- Enhanced typesetting : Enabled
- X-Ray : Enabled
- Word Wise : Enabled
- Sticky notes : On Kindle Scribe
- Print length : 3422 pages
- Best Sellers Rank: #15,787 in Kindle Store (See Top 100 in Kindle Store)
- Customer Reviews:
Reviewed in the United States on January 23, 2020
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As a pastor who did not like the over-reaching political correctness of the Today's New International Version (TNIV, copyright 2002), I was concerned when I heard that the NIV itself was going to be revised. But after studying the digital early release version in numerous passages, I have been pleased that it is more accurate, but disappointed that while the use of gender-neutral language does not go as far as the TNIV, it still goes too far.
The new NIV retains 95% of the words of the 1984 edition, but where there are changes, it communicates the original meaning better to modern readers and more accurately than before.
Let me address several issues: gender-neutral language, omission of words, and accuracy of translation.
First, the most controversial issue of the TNIV (the earlier failed attempt to revise the NIV) was its gender-neutral language. The Southern Baptist Convention passed a resolution in June 2011 saying they "cannot commend" the 2011 NIV. Why is that? The 2011 NIV does not go as far as the TNIV. In Hebrews 12, where scripture speaks of God disciplining us like a father, the TNIV changed "father" to "parent." This implied that God was a gender-neutral "parent" rather than our "heavenly Father." I'm glad to report that the new NIV has "father," just as the 1984 edition had. However, the new NIV, like the TNIV, does use gender-neutral "brothers and sisters" when the context clearly means all believers. Since modern English speakers use both genders, "brothers and sisters," when addressing all believers, not just the masculine "brothers," it makes sense that the Bible they are reading do the same. However, this may not be acceptable to all readers, particularly in passages like Psalm 1, where the masculine pronoun is often associated with a reference to manhood. In the 1984 NIV, Psalm 1 says, "Blessed is the man who does not walk in the counsel of the wicked... He is like a tree planted by streams of water..." but the 2011 NIV renders it, "Blessed is the one who does not walk in step with the wicked...That person is like a tree planted by steams of water..."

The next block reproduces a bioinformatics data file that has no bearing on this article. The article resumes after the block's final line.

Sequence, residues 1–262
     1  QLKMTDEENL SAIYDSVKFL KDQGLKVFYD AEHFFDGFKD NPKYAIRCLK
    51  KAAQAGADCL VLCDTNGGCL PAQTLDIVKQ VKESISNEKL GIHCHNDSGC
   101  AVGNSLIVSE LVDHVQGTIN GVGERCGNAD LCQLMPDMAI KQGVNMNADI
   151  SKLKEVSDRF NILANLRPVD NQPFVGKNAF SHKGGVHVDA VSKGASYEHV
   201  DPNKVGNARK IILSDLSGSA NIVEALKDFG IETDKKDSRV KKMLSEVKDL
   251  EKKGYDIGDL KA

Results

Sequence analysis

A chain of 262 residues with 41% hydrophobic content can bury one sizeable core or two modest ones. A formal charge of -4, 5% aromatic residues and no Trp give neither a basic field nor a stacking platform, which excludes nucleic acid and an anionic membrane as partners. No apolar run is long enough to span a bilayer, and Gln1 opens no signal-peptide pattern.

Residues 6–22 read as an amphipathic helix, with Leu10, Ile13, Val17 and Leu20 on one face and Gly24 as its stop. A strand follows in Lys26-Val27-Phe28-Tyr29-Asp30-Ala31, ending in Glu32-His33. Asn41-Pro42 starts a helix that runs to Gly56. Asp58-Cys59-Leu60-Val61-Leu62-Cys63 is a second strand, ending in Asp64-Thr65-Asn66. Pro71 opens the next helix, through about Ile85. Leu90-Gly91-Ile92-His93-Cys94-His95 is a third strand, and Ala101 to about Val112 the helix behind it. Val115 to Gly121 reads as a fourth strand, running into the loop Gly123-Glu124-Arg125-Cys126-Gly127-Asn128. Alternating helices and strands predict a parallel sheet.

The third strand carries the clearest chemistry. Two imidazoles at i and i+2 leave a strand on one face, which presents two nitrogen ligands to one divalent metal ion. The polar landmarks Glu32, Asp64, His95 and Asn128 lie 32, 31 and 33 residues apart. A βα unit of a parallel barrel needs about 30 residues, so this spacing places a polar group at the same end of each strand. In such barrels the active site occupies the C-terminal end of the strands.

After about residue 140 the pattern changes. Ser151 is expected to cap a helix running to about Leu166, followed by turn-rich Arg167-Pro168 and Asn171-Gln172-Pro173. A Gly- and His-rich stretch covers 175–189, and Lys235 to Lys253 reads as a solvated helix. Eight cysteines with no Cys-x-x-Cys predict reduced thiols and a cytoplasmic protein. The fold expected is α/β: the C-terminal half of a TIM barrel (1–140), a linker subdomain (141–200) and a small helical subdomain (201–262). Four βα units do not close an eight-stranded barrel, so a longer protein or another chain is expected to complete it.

The 2011 NIV changes "fathers" to "parents" in Malachi 4:6, although the Hebrew word is ab, fathers. Also, Ezekiel 22:30, the famous "stand in the gap" passage used by Promise Keepers to challenge men, has been changed from "man" to "someone." A favorite verse of the men's group, Promise Keepers, was Proverbs 27:17, because it said that as iron sharpens iron, so one man sharpens another. However, the 2011 NIV changes "man" to "person." These kind of changes can be found hundreds of times throughout the Old and New Testaments in the 2011 NIV.
However, the 2011 NIV continues to say "sons" in Romans 8:14 and "sonship" in Romans 8:15 in a discussion of spiritual adoption which refers to the male heir. Thus it does not use gender-neutral language in places where it would impact theology, but it does use gender-neutral language in some places that have traditionally been interpreted as references to manhood. The revised NIV also continues to maintain clear sexual distinctions between the genders in passages like Genesis 1:27, which reads, "So God created mankind in his own image...male and female he created them."